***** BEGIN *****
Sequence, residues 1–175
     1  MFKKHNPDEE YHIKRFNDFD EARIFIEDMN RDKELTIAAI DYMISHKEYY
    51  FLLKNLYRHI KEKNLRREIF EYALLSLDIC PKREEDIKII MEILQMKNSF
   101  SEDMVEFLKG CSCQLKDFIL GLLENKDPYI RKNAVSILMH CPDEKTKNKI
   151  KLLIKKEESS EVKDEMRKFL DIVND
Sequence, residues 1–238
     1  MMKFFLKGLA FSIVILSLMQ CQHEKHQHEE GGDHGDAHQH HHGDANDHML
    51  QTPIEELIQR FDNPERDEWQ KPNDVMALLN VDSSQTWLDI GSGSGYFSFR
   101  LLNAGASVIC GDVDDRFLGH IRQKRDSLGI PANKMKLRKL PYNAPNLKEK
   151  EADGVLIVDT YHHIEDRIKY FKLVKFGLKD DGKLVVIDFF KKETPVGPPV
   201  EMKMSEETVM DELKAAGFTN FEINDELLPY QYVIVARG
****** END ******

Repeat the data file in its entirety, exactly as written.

Sequence, residues 1–175
     1  MFKKHNPDEE YHIKRFNDFD EARIFIEDMN RDKELTIAAI DYMISHKEYY
    51  FLLKNLYRHI KEKNLRREIF EYALLSLDIC PKREEDIKII MEILQMKNSF
   101  SEDMVEFLKG CSCQLKDFIL GLLENKDPYI RKNAVSILMH CPDEKTKNKI
   151  KLLIKKEESS EVKDEMRKFL DIVND
Sequence, residues 1–238
     1  MMKFFLKGLA FSIVILSLMQ CQHEKHQHEE GGDHGDAHQH HHGDANDHML
    51  QTPIEELIQR FDNPERDEWQ KPNDVMALLN VDSSQTWLDI GSGSGYFSFR
   101  LLNAGASVIC GDVDDRFLGH IRQKRDSLGI PANKMKLRKL PYNAPNLKEK
   151  EADGVLIVDT YHHIEDRIKY FKLVKFGLKD DGKLVVIDFF KKETPVGPPV
   201  EMKMSEETVM DELKAAGFTN FEINDELLPY QYVIVARG